Harris reopens door to insurance industry funding anti-fraud fight
Latest figures show six criminal investigations into false claims opened every month
Minister for Justice Charlie Flanagan has revealed that the Garda Commissioner ‘is open to considering other industry-funded proposals to combat insurance fraud’. Photograph: Cyril Byrne/The Irish Times
Garda Commissioner Drew Harris has re-opened the door to the insurance industry funding the fight against fraud, as latest figures show six new criminal investigations into false claims are opened every month.
A working group set up by the Government three years ago to look at rising insurance premiums recommended a dedicated Garda unit – to be financed by insurers – to deal with fraudulent and exaggerated personal injury claims.
The industry last year agreed to the proposal, based on a similar unit in Britain.
But Mr Harris ruled it out last December, saying he was not prepared to accept any funding of his force other than from the Exchequer. The Government has since shelved the plan.
However, in the latest development, Minister for Justice Charlie Flanagan has revealed that the Garda Commissioner “is open to considering other industry-funded proposals to combat insurance fraud”.
These could include IT projects and the appointment of analysts, according to the Minister.
“The Department is currently engaging with An Garda Síochána to this end, exploring these options and any other potential avenues for cooperation with the insurance sector,” he said.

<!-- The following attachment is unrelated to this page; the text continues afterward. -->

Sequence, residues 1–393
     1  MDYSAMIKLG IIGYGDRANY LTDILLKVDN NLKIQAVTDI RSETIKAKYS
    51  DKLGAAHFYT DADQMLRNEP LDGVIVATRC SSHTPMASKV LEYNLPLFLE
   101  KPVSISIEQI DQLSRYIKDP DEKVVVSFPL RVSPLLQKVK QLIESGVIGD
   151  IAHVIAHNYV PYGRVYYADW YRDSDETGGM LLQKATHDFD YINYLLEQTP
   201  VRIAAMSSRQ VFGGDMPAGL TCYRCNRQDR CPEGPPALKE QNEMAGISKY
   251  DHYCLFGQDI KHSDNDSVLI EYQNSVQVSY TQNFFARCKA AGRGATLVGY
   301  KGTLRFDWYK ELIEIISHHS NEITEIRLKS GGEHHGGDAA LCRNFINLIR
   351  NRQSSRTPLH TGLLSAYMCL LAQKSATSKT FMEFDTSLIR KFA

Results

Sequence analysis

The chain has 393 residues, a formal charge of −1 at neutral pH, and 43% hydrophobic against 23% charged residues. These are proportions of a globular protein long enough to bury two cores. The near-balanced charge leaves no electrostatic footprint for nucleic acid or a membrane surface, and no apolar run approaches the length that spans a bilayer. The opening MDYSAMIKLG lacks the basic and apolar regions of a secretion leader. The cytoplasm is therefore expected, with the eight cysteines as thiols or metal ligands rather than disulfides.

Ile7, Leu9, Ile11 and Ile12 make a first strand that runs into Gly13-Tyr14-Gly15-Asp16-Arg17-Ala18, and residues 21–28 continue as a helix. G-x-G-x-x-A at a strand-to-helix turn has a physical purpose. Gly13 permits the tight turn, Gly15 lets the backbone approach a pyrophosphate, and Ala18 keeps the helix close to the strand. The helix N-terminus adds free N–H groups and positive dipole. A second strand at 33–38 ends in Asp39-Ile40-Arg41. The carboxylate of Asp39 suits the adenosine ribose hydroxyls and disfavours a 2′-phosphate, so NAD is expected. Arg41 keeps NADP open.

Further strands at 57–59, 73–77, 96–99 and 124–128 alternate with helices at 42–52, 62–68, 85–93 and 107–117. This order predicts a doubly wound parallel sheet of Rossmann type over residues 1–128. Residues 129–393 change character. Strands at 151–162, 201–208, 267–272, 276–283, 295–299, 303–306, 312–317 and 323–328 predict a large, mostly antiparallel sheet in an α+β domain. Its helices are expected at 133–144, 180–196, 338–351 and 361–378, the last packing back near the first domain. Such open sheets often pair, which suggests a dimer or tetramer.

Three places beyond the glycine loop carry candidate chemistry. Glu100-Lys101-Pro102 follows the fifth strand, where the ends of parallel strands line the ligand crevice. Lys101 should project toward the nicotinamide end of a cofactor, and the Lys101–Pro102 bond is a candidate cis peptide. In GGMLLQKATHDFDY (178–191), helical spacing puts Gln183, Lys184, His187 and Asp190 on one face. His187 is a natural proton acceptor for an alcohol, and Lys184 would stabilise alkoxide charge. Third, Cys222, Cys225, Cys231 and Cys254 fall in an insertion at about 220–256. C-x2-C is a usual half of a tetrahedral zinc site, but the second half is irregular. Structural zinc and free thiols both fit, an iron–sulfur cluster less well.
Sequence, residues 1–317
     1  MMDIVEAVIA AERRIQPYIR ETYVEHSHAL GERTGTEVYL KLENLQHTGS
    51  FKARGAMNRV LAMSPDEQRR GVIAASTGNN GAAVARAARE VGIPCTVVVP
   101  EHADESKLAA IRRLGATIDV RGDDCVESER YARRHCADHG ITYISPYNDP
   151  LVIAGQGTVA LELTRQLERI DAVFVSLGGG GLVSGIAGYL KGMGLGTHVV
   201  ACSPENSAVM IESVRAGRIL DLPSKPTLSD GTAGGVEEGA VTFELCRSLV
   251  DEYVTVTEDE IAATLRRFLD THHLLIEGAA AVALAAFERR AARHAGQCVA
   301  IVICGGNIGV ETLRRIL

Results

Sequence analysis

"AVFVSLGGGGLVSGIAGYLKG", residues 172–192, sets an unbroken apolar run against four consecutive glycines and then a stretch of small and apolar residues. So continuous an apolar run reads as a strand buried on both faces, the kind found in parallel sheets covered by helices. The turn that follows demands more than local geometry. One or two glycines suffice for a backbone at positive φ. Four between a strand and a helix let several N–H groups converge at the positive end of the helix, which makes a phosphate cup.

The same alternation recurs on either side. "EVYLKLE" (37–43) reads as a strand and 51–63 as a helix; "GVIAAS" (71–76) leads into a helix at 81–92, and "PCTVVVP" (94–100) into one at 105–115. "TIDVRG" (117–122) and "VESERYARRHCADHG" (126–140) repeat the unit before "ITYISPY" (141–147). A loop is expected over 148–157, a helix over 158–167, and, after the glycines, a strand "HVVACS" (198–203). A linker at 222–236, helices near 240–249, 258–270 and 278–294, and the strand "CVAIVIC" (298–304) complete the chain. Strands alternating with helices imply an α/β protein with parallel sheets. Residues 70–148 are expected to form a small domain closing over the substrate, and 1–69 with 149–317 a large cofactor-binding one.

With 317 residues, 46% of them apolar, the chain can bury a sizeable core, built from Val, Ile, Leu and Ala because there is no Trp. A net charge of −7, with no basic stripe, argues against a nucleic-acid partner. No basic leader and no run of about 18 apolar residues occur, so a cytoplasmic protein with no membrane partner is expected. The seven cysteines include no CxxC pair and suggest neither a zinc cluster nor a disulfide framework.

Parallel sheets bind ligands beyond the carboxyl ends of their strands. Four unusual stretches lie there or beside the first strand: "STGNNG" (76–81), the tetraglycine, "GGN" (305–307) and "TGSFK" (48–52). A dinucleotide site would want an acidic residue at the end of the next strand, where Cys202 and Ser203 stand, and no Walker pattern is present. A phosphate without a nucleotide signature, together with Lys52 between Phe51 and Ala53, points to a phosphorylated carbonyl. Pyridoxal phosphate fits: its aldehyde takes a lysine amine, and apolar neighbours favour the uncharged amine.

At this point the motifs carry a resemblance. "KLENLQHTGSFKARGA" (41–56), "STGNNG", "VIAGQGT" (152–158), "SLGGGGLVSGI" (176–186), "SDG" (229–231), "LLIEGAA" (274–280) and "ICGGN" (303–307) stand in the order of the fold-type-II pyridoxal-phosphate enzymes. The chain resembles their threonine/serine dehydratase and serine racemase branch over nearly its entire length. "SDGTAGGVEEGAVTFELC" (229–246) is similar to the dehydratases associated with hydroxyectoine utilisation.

The Department of Justice declined to give any more details and the Garda Press Office did not immediately respond to queries.
The talks between Government officials and the Garda about industry-funded measures to tackle fraudulent claims are being overseen by the Cost of Insurance Working Group, chaired by the Department of Finance.
There were 50 reported incidents of insurance fraud being investigated by the Garda between October last year and the end of May this year, according to figures provided by the Department of Justice.
Half of the suspected frauds relate to staged collisions while 18 per cent relate to forged documentation concerning no claims bonuses, the department said.
It is estimated fraudulent claims add on average €50 to insurance premiums a year
Mr Flanagan recently accused the insurance industry of “profiteering” and said it was too quick to blame high costs on exaggerated or fraudulent claims.
“I accept there are fraudulent claims. My concern is that fraudulent claims are being put forward as a justification of high insurance costs, and I’m not sure that’s the case,” he said.
“There is fraud, it’ll be stamped out, but there’s more than fraud. There’s the high costs and the profiteering and a reluctance on the part of the insurance industry to be upfront and transparent.”